Crossing Lives

I met Phyllis not too long after I got married 38 years ago. We went to the same women’s retreats a couple of times and went to a couple of the same churches. She said at one time that our paths would always cross. We eventually ended up working at the same place, Denver Seminary. Out of all our conversations, I remember one particular one, probably about 14 or 15 years ago. We were talking about our sons, hers dying of leukemia, mine dealing with blindness and autism. She said a surprising thing to me. She told me that she would sometimes look at her son Keith and think that at least she didn’t have to deal with what I was dealing with, the daily struggle and the knowledge that I would live with this for the rest of my life. I told her how surprised I was, because I had thought the same thing, that at least I didn’t have to deal with what she was dealing with. As long as there is life, there is hope.

The amazing thing, the miracle, is that Keith got better and lived a normal life for the past seven years. He then was diagnosed with cancer of the esophagus. When I heard that the first time, it was a true WTF moment. Talk about not fair. Keith had already had his “bad thing” and it feels like it should have inoculated him and his family from anything else bad happening. But we know that life isn’t like that.

Keith lost his battle with cancer on September 21. And I think about Phyllis, and I think about my son who even now I can hear him playing with his Legos in his room. I still think I have the better deal. And I’ll give Josh an extra hard hug tonight when I put him to bed.

I’m not Catholic but sometimes I have prayed the Rosary, and I often say the Ave Maria, because I feel a connection with Mary the Mother of Jesus. She knew what it meant to watch her Son suffer. I know the same. So does Phyllis. And so I offer the prayer of intercession on behalf of Phyllis and of Keith’s family.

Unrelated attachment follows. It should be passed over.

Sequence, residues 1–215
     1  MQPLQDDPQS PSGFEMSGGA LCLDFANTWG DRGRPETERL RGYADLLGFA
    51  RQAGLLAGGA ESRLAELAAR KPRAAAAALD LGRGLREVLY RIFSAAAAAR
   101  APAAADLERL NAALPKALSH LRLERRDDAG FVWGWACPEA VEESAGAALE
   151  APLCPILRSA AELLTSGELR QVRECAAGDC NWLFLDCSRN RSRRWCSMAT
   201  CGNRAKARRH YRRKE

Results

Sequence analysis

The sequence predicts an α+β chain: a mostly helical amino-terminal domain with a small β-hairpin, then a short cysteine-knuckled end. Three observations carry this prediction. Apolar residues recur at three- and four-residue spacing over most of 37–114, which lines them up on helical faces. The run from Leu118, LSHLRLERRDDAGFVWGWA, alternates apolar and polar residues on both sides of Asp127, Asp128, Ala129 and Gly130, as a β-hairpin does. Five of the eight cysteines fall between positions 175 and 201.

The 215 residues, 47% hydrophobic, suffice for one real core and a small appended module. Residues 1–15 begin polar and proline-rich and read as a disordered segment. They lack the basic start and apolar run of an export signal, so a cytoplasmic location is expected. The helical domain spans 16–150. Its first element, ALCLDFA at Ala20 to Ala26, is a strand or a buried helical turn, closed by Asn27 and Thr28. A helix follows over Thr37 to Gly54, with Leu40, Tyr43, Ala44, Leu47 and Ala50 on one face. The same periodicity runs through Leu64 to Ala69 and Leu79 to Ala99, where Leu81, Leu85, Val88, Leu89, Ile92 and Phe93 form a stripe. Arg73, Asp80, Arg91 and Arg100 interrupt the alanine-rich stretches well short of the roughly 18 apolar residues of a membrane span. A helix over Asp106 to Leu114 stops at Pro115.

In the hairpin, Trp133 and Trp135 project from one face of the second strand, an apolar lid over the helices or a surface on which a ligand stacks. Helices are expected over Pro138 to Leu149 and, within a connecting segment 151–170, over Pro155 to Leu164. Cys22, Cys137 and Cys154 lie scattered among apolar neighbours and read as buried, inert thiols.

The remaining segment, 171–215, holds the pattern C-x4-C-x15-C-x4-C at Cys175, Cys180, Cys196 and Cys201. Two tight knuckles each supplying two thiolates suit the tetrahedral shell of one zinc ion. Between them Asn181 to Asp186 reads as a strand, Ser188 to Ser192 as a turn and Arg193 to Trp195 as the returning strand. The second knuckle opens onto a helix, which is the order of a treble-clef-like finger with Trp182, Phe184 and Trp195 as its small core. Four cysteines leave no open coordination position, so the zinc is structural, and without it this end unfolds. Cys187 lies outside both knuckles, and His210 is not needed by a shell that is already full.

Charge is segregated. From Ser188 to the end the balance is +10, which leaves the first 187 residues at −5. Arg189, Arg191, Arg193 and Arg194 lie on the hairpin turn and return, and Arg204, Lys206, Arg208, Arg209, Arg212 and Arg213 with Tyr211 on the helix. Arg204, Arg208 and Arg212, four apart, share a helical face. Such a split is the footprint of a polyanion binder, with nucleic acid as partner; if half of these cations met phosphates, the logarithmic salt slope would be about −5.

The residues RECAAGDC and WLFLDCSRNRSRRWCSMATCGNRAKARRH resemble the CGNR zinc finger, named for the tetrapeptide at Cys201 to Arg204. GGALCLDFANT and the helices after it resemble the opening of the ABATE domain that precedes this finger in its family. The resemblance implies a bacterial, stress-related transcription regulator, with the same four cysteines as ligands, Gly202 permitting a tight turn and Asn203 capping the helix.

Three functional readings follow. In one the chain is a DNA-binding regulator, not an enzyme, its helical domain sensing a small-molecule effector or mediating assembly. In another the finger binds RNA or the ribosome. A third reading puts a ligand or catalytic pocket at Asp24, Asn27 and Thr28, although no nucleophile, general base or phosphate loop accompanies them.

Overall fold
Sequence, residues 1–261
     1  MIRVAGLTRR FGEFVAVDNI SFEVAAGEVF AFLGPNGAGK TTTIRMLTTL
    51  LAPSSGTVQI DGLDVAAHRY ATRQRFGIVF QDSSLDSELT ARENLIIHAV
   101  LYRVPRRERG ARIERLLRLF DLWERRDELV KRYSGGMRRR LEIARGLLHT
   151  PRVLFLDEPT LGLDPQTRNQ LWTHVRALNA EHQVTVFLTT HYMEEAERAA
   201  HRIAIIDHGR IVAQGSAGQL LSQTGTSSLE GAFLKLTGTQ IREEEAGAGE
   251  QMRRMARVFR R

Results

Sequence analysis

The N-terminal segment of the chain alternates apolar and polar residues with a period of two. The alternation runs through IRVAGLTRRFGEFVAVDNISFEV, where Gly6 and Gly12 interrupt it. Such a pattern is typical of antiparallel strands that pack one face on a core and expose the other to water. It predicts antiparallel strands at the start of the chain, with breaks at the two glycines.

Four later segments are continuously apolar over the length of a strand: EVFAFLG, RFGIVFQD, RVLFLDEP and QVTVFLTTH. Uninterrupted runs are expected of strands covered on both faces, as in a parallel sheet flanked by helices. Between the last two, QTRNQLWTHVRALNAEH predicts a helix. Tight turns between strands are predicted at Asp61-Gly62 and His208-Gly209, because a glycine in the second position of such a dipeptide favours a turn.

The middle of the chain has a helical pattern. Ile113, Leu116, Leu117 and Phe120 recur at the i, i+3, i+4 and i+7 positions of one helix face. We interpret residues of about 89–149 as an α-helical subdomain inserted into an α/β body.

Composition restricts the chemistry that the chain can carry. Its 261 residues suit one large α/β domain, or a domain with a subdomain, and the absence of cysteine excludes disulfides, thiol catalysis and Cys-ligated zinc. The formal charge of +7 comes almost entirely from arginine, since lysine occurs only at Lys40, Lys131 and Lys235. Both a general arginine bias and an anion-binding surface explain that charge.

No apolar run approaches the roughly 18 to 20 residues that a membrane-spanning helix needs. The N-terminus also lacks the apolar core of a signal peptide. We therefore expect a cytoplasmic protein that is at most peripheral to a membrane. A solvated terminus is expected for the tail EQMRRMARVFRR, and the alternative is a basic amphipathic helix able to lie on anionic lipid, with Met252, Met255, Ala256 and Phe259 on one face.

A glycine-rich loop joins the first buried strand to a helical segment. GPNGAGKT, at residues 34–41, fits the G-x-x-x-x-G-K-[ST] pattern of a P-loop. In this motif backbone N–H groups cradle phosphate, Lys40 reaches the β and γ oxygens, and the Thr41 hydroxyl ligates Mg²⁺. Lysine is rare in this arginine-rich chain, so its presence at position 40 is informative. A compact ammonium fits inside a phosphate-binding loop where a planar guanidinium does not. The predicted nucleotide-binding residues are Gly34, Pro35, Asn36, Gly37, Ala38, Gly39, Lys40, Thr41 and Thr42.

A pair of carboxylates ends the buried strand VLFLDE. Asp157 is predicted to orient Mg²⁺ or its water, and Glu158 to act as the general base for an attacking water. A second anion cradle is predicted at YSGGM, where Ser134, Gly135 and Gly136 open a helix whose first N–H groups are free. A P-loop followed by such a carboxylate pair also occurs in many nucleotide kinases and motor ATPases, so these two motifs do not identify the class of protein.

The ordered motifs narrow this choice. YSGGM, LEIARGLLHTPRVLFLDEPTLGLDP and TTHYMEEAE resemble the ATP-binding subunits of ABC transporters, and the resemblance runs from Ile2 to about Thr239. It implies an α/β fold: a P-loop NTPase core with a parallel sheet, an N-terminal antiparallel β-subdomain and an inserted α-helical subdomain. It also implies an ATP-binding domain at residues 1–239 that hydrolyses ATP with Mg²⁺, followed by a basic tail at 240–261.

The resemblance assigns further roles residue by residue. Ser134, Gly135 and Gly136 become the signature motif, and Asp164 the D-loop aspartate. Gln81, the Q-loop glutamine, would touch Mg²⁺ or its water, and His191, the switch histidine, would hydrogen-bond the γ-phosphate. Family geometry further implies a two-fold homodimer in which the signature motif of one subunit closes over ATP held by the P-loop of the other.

Hail Mary, full of grace.
Our Lord is with thee.
Blessed art thou among women,
and blessed is the fruit of thy womb,
Jesus.
Holy Mary, Mother of God,
pray for us sinners,
now and at the hour of our death.
Amen.

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While this may not make tragedy more understandable (who can really understand??), it does make real the words “God with us.”

ancientfutureworship

Blood.  The summer has been bathed in it.  On July 20, James Holmes opened fire at a movie theater in Aurora Colorado killing twelve and wounding fifty-nine others.  On August 5, Wade Michael Page opened fire at a Sikh Temple in Wisconsin killing six people and wounding four.  On Friday August 24, Anders Behring Breivik was sentenced to 21 years after being declared sane.  In 2011 Breivik killed 77 people.  How can five brief sentences convey the reality of the deaths of ninety-five people? To say these events defy explanation is…well even the word understatement fails.  Does this leave you feeling numb?  Does it leave an ache in the center of your being?  Does it force you to wonder or even scream “where were you God?”

Where was God?  It’s the default question we ask we confronted with tragedy, pain, or grief.  When someone like James Holmes foists upon us the…

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